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Democrats incredulous over Bush's account of Iran report

  • Story Highlights
  • Democratic presidential candidates blast the president for his rhetoric against Iran
  • President Bush said Iran's nuclear program risked "World War III"
  • New assessment says Tehran stopped nuclear weapons program in 2003
  • Biden says Bush "incompetent" if he didn't know about new assessment earlier
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WASHINGTON (CNN) -- Democratic presidential candidate Sen. Joe Biden on Tuesday said he can't believe President Bush hasn't known for months about a recent intelligence estimate that downplays the nuclear threat from Iran.

Other Democratic candidates also slammed Bush for continuing to ratchet up the rhetoric against Tehran.

On Tuesday the president acknowledged he had given a speech warning that Iran's nuclear development risked "World War III" about two months after his intelligence chief told him a reassessment of Tehran's nuclear ambitions was under way.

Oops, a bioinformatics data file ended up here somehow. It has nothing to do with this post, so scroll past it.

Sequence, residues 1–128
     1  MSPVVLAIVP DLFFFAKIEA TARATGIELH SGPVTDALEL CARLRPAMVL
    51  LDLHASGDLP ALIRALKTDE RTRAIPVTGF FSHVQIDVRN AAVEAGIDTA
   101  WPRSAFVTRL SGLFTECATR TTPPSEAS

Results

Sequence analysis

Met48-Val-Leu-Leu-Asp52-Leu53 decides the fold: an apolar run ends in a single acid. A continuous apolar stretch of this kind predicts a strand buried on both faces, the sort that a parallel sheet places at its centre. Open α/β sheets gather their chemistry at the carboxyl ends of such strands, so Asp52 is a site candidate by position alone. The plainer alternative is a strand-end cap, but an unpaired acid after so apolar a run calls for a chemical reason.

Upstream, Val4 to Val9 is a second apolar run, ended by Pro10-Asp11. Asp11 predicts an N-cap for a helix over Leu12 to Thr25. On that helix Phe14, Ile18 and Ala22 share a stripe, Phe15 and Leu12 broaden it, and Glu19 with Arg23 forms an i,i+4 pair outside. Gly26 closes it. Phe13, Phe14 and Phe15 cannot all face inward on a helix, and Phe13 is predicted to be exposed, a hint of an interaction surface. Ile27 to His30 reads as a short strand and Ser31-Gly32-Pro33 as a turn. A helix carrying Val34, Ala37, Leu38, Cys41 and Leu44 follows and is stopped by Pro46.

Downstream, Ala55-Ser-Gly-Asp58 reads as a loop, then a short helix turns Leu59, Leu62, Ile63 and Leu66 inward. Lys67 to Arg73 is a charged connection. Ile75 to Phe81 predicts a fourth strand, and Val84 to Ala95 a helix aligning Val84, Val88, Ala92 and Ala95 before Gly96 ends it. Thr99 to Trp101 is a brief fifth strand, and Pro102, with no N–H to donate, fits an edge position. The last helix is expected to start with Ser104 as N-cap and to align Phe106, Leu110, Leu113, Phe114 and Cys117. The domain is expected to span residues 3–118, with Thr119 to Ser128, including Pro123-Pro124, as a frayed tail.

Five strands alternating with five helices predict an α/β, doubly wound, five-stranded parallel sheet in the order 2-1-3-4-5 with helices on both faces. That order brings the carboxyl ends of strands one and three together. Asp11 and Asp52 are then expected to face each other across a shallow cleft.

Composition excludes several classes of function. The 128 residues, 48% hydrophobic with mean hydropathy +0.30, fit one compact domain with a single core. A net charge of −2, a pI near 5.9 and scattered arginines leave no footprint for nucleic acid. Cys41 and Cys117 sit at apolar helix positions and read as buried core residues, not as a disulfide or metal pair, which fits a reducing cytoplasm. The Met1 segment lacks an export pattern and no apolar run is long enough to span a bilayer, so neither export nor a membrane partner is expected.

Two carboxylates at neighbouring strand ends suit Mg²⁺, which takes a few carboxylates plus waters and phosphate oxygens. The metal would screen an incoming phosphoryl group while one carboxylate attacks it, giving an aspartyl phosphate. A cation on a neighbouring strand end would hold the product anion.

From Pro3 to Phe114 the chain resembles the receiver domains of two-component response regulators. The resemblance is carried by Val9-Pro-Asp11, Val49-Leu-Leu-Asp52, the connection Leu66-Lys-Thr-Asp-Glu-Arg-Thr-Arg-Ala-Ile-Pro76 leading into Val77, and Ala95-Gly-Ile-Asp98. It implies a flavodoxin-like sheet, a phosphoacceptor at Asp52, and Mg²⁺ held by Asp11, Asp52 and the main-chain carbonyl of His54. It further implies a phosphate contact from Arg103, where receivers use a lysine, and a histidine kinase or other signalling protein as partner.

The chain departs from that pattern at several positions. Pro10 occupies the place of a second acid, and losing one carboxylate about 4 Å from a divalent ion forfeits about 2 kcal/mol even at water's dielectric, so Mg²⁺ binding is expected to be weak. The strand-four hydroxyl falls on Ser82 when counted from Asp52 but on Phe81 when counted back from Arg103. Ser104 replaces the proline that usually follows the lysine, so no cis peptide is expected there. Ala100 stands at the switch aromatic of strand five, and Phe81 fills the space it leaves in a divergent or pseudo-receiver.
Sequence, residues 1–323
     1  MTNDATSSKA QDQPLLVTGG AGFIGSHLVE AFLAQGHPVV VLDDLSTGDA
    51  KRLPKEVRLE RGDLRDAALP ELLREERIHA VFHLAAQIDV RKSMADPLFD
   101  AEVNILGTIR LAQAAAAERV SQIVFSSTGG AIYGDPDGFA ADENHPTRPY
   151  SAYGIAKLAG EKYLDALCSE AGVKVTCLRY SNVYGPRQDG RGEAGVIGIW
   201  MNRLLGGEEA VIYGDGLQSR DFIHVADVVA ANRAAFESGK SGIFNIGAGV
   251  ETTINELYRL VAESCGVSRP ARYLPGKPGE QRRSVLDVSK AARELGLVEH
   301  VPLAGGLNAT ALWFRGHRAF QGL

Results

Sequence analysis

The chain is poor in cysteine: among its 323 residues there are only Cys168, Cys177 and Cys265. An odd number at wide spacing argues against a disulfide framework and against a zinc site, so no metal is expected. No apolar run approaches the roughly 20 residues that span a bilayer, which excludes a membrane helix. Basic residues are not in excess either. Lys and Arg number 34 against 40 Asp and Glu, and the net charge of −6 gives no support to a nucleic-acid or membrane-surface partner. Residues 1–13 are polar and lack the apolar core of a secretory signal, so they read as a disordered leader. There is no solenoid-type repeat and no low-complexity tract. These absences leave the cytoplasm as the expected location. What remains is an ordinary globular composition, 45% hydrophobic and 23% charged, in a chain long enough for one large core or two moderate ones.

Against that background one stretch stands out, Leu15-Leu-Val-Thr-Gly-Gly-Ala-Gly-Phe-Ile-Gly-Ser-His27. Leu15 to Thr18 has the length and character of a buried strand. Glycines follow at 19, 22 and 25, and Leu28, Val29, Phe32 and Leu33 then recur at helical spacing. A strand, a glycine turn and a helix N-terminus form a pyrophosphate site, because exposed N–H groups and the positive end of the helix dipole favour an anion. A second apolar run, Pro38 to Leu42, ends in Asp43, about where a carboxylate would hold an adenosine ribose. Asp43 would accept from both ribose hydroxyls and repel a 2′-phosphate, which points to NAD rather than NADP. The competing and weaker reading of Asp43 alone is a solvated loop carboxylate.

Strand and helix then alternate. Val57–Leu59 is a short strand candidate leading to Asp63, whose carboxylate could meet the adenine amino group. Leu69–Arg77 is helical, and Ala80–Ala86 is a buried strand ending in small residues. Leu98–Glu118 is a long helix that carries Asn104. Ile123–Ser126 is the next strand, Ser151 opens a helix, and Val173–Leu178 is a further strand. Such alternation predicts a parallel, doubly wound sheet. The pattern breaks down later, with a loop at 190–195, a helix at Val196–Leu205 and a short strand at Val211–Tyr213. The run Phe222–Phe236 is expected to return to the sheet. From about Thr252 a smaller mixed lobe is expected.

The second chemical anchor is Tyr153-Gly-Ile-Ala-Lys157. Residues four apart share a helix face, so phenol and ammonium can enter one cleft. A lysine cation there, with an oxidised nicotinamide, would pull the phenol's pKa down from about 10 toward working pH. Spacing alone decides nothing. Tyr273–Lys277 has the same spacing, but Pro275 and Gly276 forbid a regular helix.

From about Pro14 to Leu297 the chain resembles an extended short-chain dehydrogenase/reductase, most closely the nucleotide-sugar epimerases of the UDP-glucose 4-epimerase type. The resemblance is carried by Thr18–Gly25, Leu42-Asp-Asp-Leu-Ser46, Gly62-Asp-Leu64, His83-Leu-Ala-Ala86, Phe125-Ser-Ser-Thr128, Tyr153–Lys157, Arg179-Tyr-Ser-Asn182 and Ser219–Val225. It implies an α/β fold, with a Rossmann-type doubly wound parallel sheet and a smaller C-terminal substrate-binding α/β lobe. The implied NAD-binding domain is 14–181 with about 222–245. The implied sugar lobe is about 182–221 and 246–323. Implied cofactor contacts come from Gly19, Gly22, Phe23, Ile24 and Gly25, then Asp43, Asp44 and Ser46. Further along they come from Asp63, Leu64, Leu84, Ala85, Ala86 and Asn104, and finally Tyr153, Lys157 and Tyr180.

Bush told reporters during a White House news conference that he was not told the details of the new assessment until last week and he said the new report, which found that Iran had halted its nuclear weapons work in 2003, will not change U.S. policy toward Iran.

"Iran was dangerous, Iran is dangerous and Iran will be dangerous if they have the knowledge necessary to make a nuclear weapon," Bush said, pointing out that Tehran continues to try to enrich uranium for civilian purposes and therefore develop technology that could be used for a weapon.

"They had the program. They halted the program. It's a warning signal because they could restart it," he said. Video Watch Bush's credibility questioned »

Bush told reporters that he was told of "new information" about Iran in August during a briefing by Adm. Mike McConnell, the director of national intelligence.

"He didn't tell me what the information was. He did tell me it was going to take a while to analyze," the president said. He said he wasn't briefed about the new information until the new intelligence report was prepared last week.

The Democratic presidential candidates were incredulous that Bush did not know about the assessment's new finding.